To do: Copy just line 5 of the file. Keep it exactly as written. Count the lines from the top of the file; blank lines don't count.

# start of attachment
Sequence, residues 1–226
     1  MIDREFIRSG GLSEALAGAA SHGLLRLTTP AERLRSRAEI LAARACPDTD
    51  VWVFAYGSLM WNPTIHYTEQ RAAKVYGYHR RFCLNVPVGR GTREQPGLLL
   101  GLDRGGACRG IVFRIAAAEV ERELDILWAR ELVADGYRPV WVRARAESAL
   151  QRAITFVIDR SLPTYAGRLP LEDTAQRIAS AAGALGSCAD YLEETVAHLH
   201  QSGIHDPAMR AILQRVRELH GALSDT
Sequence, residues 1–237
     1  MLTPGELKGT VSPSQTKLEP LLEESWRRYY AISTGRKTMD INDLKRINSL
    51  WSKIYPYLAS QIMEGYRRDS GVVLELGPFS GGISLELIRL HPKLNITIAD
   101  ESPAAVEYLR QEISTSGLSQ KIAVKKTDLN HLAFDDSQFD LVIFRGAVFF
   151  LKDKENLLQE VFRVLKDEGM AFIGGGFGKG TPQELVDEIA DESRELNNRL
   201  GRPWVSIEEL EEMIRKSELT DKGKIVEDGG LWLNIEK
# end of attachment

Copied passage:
   151  QRAITFVIDR SLPTYAGRLP LEDTAQRIAS AAGALGSCAD YLEETVAHLH